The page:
America's Minimum Wage Problem

1114 Words3 Pages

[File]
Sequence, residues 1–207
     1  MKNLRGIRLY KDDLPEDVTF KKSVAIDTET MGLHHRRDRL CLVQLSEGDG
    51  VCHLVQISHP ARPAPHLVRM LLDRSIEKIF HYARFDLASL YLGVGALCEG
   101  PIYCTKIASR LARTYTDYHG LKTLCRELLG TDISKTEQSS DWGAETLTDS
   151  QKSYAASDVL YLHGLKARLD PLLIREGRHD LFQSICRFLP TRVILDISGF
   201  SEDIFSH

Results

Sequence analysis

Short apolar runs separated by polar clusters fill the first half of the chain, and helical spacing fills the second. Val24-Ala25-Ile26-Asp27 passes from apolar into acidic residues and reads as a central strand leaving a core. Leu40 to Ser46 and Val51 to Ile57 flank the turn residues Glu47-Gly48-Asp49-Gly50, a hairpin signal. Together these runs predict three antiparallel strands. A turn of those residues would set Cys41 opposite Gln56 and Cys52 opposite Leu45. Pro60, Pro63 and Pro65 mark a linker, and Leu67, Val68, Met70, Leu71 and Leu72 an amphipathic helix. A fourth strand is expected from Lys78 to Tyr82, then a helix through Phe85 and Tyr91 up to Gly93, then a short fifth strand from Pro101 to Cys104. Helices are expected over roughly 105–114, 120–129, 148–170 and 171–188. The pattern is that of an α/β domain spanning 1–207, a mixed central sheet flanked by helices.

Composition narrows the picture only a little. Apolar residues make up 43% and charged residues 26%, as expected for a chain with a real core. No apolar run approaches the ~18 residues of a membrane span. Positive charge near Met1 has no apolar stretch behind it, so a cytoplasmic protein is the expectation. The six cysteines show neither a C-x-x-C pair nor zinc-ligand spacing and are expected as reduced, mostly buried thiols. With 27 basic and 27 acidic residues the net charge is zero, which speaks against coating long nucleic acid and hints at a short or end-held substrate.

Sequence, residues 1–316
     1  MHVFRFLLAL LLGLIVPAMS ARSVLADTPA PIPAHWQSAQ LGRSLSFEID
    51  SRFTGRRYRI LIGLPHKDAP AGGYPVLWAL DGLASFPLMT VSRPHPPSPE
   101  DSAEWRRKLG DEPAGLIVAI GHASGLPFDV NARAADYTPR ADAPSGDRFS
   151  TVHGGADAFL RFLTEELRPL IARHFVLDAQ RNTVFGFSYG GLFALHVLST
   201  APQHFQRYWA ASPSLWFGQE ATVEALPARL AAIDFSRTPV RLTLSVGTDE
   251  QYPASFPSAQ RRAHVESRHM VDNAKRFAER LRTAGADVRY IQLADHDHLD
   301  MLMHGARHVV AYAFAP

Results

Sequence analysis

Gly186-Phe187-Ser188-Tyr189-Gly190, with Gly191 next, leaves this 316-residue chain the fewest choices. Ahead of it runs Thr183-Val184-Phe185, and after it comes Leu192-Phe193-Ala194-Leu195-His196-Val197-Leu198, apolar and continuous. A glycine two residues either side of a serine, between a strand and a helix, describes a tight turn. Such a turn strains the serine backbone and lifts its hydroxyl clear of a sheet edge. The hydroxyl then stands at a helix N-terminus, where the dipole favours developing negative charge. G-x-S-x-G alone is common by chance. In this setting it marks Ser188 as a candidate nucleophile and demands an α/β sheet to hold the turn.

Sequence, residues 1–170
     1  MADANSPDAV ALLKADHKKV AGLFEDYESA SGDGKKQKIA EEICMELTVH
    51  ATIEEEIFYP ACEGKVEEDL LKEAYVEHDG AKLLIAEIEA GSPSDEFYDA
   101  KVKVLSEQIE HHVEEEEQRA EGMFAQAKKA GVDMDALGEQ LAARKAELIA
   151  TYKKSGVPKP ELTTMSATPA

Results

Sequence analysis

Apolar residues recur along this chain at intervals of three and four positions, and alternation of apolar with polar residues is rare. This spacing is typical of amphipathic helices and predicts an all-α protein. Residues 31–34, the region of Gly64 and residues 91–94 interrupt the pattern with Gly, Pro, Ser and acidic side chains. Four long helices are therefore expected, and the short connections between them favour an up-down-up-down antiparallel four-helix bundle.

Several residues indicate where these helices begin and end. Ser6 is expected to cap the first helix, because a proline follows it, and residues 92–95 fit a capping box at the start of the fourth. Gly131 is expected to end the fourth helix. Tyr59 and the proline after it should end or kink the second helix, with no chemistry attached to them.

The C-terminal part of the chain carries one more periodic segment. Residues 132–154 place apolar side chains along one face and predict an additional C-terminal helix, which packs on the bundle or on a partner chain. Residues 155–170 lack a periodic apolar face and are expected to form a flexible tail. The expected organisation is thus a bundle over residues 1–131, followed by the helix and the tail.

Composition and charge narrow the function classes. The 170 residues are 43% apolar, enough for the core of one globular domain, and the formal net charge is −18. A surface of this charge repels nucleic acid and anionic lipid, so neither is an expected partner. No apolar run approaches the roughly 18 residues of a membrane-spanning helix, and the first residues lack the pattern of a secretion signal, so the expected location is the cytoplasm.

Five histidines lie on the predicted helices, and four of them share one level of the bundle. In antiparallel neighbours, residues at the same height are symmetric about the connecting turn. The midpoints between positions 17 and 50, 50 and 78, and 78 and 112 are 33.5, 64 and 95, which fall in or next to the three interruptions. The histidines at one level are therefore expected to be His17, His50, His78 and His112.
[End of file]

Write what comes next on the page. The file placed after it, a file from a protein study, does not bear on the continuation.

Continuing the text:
America is currently working on the issue of whether the minimum wage should be increased from $7.25 to $10.10 and economists are studying the effects of the possible increase. Minimum wage workers deal with struggles such as affording health care, paying for education, providing food for their families, putting many hours of work in while making little income and paying their bills. America’s decision to raise the minimum wage would help low wage workers to make higher incomes and would overall strengthen the economy, pulling Americans out of poverty. Americans may hold a minimum wage job if they do not have money to attend a college or university to obtain a degree in order to find a career. On the minimum wage, it is impossible to afford healthcare and education without making sacrifices. In “Affording Health Care and Education on the Minimum Wage,” John Schmitt and Marie-Eve Augier write “We ask ‘How many hours did a minimum-wage worker have to work to pay for a year of college education (at various kinds of institutions) or a year of health insurance for an individual or a family?” (Schmitt & Augier, 2012). Their findings were that “By 2010, minimum-wage workers at $7.25 per hour had to spend 923 hours to cover the $6,695 annual tuition at a public four-year college,” (Schmitt & Augier, 2012). This means that much of their work must go to education, which leaves little of their income left to pay for bills, fuel, healthcare, and other necessities. As a result, many workers must make the choice between shelter and food before education is even an option. By 2011, around 749 hours of work go to health insurance and these workers do not have money for the cost of living. Minimum wage workers salaries do not match up to the cos... ... middle of paper ..., 2013). America’s unemployment rate is 7.5% with a petty minimum wage that is $6 to $8 less than the minimum wage pay of workers in foreign countries. An increase would benefit the lower class and families would have less of a struggle. Overall, an increase in the minimum wage could bring many benefits to Americans such as families being able to afford education, healthcare, food, and other necessities without having to choose between resources. The workers incomes are not sufficient to cover a family's needs, so an increase could raise a family's income, create more economic equality, and help consumer spending. The economy could improve if the wages increased because families would not be torn between where their money must be spent. An increase in the minimum wage could create a thriving economy if the wealth was distributed equally to help Americans in need.
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